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Fujitsu has introduced its new Primergy CX600 server M1 a massively parallel computing platform suitable for engineering, scientific computing, big data and artificial intelligence.Β The team Primergy CX600 M1 includes Intel Xeon Phi processor designed for areas of scientific computing, engineering, big data and business analytics.

With up to eight compute nodes in 2U unit and having the 2nd generation Intel Xeon Phi processors, this server provides computing density and unprecedented performance.

“Based on this high-density server, could hold in one standard rack up to 168 compute nodes, more than 12,000 cores and 64 terabytes of memory, providing unprecedented performance of more than 500 teraflops,” says Juan Antonio Garcia, director of business development at Fujitsu HPC and Analytics.

The new server is characterized by its high density, with up to eight nodes in two units of rack, which involves six-fold increase in performance compared to standard servers. It is also compatible with existing software, for incorporation no surprises in ICT infrastructure.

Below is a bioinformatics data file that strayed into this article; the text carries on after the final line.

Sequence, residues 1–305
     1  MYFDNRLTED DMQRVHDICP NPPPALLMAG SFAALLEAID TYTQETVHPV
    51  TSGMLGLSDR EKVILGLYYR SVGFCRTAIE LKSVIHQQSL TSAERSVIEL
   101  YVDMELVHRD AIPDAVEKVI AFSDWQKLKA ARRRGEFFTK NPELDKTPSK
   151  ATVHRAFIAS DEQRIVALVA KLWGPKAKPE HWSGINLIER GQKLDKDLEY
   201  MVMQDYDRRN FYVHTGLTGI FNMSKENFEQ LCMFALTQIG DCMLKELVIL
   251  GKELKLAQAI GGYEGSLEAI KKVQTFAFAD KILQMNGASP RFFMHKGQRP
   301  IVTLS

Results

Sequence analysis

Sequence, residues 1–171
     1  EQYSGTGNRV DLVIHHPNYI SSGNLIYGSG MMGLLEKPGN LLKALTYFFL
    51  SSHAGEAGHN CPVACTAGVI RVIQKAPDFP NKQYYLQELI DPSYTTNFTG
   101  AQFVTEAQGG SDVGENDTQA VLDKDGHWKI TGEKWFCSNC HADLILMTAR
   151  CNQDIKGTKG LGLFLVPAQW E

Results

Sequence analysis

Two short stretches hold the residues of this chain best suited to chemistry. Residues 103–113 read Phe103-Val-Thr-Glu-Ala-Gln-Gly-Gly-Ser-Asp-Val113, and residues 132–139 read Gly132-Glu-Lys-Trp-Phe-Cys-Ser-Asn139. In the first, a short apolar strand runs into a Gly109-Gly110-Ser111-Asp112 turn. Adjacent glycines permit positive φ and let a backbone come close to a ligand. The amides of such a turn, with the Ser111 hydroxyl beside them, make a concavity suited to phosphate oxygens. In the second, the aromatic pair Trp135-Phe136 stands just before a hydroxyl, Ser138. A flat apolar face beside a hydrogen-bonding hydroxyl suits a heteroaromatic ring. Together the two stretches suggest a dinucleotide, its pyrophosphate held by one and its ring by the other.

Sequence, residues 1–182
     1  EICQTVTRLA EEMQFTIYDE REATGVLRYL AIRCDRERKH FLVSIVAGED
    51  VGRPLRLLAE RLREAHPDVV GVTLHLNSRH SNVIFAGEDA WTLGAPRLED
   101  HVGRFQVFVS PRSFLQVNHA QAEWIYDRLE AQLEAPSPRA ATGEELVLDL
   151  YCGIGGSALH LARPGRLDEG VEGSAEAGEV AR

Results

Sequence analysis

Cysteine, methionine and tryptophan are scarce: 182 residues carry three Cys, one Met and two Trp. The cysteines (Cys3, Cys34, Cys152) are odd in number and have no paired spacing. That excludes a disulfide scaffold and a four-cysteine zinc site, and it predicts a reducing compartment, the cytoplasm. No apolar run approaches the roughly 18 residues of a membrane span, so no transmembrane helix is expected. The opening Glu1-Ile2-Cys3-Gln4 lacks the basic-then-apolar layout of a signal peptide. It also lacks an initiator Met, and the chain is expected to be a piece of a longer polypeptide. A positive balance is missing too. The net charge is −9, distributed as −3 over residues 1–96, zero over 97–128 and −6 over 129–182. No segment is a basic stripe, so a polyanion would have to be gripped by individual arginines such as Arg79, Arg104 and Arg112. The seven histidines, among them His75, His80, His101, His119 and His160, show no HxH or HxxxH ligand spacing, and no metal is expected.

According to Fujitsu, the team is optimal for markets such as universities and research centers, industry, scientific and any segment that requires the use of applications and big data analytics.

“It is important to note that in Japan already have projects underway with this platform. The server Primergy CX600 M1 is the essential element in the supercomputer of 25 Petaflop “Oakforest-PACS” Fujitsu recently awarded by the universities of Tokyo and Tsukuba in Japan. With 8,208 compute nodes, this system is expected to be operational in December this year and will become one of the world’s most powerful supercomputers, “adds Garcia.

In terms of efficiency, the new server shared infrastructure reduces power consumption thanks to central fans and power supply connection integrated into the chassis hot. This reduces consumption and facilitates the involvement of individual nodes without affecting the rest.

In addition, customers can choose a cooling direct-to-chip hot water at 45 Β° C based on the Cool-Central Liquid Cooling technology, which removes heat directly from the CPU module in a much more efficient way than through a column air. Thus, a reduction of up to half the costs of data center cooling is obtained, as indicated from Fujitsu, which entails the power to have a higher density of integration.

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